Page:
Future Earth

Want to save our planet? Forget about “global warming”!

5 Comments 30 June 2011

our planet anthopocene

Have you heard of the Anthropocene? It is a recent term, which serves to mark the evidence and extent of human activities and their effects on the environment and our planet. I hadn’t heard of it until recently and truthfully, I really should have. In fact, so should anybody who has even a passing interest in climate change and living a greener life.

Taken at its most literal, the term means “the recent age of man”. It was coined in 2000 by Paul Crutzen, an atmospheric chemist. His argument is that we have entered another age, shaped primarily by people. I think we have all known for quite some time that mankind has had a colossal impact on our planet. You see our effects on the environment everywhere, and most of it hasn’t been that great: think deforestation, oceanic dead zones and melting ice caps.

I was interested to read an argument raised by proponents of the Anthropocene era, outlined in an excellent article in The Economist. They argue that mankind should use its dominance to intervene directly, to return the Earth back to the conditions that best suit its continued dominance of our planet. In other words, return the Earth to the period that, according to Paul Crutzen, we have just left: the Holocene, which overall has been kind to the human race. Other than a few ice ages, the last 10,000 years have, largely speaking, seen pretty mild effects on the environment, both weather-wise and geologically.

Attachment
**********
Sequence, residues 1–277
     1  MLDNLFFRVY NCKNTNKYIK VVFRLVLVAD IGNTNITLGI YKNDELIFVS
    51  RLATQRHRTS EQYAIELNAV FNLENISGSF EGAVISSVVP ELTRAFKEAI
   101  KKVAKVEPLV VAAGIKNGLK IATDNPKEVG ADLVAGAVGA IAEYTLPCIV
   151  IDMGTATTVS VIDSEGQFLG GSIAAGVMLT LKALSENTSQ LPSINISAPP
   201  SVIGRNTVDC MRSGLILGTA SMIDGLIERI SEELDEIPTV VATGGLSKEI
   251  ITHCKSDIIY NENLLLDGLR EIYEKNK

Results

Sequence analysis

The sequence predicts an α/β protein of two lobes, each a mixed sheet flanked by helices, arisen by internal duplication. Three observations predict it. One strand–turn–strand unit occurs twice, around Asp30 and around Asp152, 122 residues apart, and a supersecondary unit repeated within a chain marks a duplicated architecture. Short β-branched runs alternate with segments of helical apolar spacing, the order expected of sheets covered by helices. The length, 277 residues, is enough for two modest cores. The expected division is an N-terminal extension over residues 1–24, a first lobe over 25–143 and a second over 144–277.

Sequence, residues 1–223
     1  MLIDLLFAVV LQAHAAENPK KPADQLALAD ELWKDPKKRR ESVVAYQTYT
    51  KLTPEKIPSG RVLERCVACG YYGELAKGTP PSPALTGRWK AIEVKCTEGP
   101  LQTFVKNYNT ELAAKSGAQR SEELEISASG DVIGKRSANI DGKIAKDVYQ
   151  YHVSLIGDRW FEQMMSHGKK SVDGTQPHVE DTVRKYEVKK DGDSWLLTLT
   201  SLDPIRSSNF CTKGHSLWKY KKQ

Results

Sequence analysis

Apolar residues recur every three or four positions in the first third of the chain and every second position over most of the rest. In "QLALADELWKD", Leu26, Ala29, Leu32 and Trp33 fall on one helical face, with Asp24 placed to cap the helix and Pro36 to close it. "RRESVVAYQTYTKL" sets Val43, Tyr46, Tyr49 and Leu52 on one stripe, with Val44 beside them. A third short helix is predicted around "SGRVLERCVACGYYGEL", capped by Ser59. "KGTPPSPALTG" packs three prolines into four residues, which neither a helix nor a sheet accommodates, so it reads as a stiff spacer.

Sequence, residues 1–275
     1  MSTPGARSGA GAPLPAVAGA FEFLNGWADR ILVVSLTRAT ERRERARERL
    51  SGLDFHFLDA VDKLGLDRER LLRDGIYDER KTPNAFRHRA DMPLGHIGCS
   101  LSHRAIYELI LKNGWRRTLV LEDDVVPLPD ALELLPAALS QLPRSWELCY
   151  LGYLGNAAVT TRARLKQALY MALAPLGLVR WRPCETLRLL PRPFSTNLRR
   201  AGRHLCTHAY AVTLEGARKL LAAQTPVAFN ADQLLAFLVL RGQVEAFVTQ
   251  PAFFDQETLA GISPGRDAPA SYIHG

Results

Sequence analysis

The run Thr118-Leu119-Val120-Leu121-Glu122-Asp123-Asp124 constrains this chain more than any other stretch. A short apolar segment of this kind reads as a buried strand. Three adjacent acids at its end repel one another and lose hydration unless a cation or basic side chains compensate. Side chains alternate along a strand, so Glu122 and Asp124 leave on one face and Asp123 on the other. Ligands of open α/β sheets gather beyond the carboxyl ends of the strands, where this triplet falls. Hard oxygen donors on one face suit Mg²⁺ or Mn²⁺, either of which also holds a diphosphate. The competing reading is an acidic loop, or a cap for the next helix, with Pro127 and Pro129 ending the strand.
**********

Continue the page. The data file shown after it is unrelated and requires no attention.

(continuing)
This strikes a chord with me.

Although I am as concerned about global warming as the next person, this concern has always been an uneasy bedfellow with the way I lead my life. Let’s face it, my First World existence not only represents a carbon footprint many times larger than average on this planet, but unless I want to completely recalibrate my life, it is not likely to stop. Even if I cut it down to the basics, I will still be a consumer and my effects on the environment and our planet will still be huge.

I could sell my car but would have to catch public transport. I would still have to heat and light my house. I would probably continue to eat food bought from the high street. But the reality is that I, like many people, don’t simply want to “exist”. I have ambitions to better my lot in life, to build up my business and my writing career.

All of this inevitably involves a larger carbon footprint and more adverse effects on the environment. In other words, the two are inexorably linked but utterly irreconcilable. This leaves me in a state of permanent “green guilt” and I am always looking at ways to cut down on my consumption. However the bottom line is that pursuing a low impact existence, if taken to extremes, is unworkable.

It will eventually lead to a downward spiral of global economic hardship. Perhaps that’s why everyone gets so sick of the green agenda.

Let’s take another look at the Anthropocene and the growing movement towards fully embracing man’s huge influence on the planet, instead of trying to minimise it. Its proponents certainly have some big ideas. Take CO2 levels: they are extremely high and will remain so for another 1,000 years. Instead of trying to stop the growth, the movement suggests that we begin “actively decreasing it”:

This might be done in part by growing forests and enriching soils, but it might also need more high-tech interventions, such as burning newly grown plant matter in power stations and pumping the resulting carbon dioxide into aquifers below the surface, or scrubbing the air with newly contrived chemical-engineering plants, or even intervening in ocean chemistry in ways that would increase the sea’s appetite for the air’s carbon. (The Economist)

Meddling with our planet on this scale… Does it scare you?

Well, we’re already doing it. And it’s not going to stop anytime soon, so we may as well begin trying to change the effects on the environment for good.